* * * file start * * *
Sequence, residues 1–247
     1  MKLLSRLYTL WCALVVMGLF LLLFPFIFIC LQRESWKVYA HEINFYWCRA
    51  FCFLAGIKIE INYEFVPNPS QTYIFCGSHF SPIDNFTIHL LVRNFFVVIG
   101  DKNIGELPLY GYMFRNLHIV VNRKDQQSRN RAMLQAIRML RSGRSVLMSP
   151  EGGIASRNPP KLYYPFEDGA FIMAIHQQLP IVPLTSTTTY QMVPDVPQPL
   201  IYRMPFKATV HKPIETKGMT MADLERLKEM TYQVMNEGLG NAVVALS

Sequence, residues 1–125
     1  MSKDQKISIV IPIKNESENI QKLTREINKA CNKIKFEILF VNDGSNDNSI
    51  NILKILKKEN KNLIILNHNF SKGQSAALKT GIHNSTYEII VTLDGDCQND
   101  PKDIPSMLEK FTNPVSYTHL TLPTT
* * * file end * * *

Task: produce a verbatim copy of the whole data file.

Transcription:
Sequence, residues 1–247
     1  MKLLSRLYTL WCALVVMGLF LLLFPFIFIC LQRESWKVYA HEINFYWCRA
    51  FCFLAGIKIE INYEFVPNPS QTYIFCGSHF SPIDNFTIHL LVRNFFVVIG
   101  DKNIGELPLY GYMFRNLHIV VNRKDQQSRN RAMLQAIRML RSGRSVLMSP
   151  EGGIASRNPP KLYYPFEDGA FIMAIHQQLP IVPLTSTTTY QMVPDVPQPL
   201  IYRMPFKATV HKPIETKGMT MADLERLKEM TYQVMNEGLG NAVVALS

Sequence, residues 1–125
     1  MSKDQKISIV IPIKNESENI QKLTREINKA CNKIKFEILF VNDGSNDNSI
    51  NILKILKKEN KNLIILNHNF SKGQSAALKT GIHNSTYEII VTLDGDCQND
   101  PKDIPSMLEK FTNPVSYTHL TLPTT